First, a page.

The Texas State Board of Education is considering new policies that would begin sex education during kindergarten.
Texas Education Board Commissioner Mike Morath made recommendations in his health care review that include lessons about healthy relationships and reproduction.
Brae’Lee Stewart is six years old and just finished kindergarten a few months ago.
Her mother Brae’Lynn said the idea of her daughter learning anything about sex at her age makes her cringe.
“If she was in school and I got that kind of letter sent home, I’d probably take her out of school,” Brae’Lynn said. “She would be home schooled, or we would try some kind of private or something. But in no way do I think that is at all appropriate for anybody under the age of puberty.”
Morath’s guidelines don’t offer specifics on how lessons would work, but say they would include age-appropriate material about forming healthy relationships, personal safety, anatomy and reproduction.
Brae’Lynn said even if kindergartners like her daughter are only getting a basic crash course, they’re still just too young to start wondering about sex.
“Kids talk,” she said. “They’re out on the playground, they talk back and forth. There’s a million problems that could arise.”
However, Gino Sallo, Ector County’s Health Department director, had a different take.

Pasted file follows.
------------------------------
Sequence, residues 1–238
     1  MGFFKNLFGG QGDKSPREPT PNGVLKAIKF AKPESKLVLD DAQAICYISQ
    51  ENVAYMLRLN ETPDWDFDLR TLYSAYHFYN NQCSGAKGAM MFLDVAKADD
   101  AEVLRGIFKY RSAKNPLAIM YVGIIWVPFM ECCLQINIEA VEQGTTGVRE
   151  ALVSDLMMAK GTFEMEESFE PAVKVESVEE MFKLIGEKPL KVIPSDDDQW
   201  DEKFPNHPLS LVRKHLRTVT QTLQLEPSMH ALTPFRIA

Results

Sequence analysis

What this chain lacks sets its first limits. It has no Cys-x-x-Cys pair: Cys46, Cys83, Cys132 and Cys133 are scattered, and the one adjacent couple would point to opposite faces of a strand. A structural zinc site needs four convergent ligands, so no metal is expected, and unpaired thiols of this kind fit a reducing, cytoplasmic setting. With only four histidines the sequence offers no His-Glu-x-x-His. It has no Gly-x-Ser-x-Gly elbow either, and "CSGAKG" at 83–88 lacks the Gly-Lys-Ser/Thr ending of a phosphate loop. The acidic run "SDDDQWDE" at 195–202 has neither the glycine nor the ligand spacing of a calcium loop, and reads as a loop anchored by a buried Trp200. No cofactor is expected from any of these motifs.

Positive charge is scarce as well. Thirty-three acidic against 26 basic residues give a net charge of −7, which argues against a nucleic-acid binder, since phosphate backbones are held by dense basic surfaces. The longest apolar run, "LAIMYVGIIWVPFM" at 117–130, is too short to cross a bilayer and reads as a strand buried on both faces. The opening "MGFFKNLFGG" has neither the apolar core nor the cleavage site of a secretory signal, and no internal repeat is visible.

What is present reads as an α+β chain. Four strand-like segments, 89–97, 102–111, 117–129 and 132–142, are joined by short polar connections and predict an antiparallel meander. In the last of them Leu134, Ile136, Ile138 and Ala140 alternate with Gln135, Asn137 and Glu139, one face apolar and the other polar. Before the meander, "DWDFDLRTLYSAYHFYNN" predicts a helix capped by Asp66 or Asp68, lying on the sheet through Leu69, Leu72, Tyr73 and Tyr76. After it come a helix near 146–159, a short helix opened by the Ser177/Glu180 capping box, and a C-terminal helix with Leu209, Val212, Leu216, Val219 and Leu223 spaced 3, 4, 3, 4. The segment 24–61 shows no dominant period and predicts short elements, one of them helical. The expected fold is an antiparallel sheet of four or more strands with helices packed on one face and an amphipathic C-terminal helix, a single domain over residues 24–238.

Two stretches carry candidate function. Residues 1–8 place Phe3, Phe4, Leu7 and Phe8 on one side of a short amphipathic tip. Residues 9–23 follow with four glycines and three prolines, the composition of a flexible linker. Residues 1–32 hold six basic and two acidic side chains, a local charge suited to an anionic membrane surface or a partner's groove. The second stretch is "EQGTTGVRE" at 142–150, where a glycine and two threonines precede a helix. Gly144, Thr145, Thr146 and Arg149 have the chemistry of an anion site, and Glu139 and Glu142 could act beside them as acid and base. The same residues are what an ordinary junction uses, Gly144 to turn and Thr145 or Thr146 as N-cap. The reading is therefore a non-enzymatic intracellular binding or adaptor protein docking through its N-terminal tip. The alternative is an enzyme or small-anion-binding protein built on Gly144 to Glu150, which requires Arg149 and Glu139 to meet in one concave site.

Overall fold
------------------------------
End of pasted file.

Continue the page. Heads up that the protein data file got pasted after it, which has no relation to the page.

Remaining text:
He said too many young people aren’t comfortable learning how to have safe sex, and those taboos need to be broken down early in life.
“The number one thing it would do is, it would educate them to make the right decisions,” Sallo said.
Beth Webster works to keep young people sexually healthy through programs at the nonprofit Life Center in Midland, Texas.
“While those rates of unplanned teen pregnancy goes down, the infection rates are going up,” Webster said. “Which is why we have our department, is it’s down to education.”
While she agrees education is vital, she said kindergarten isn’t the time.
She said the best sex ed starts at home, which is how Brae’Lynn plans to do it.
“In no way do they need to learn that from teachers,” she said. “That is not a teacher’s responsibility. That is a parent’s.”
The Texas State Board of Education will vote on the new health standards in September 2020.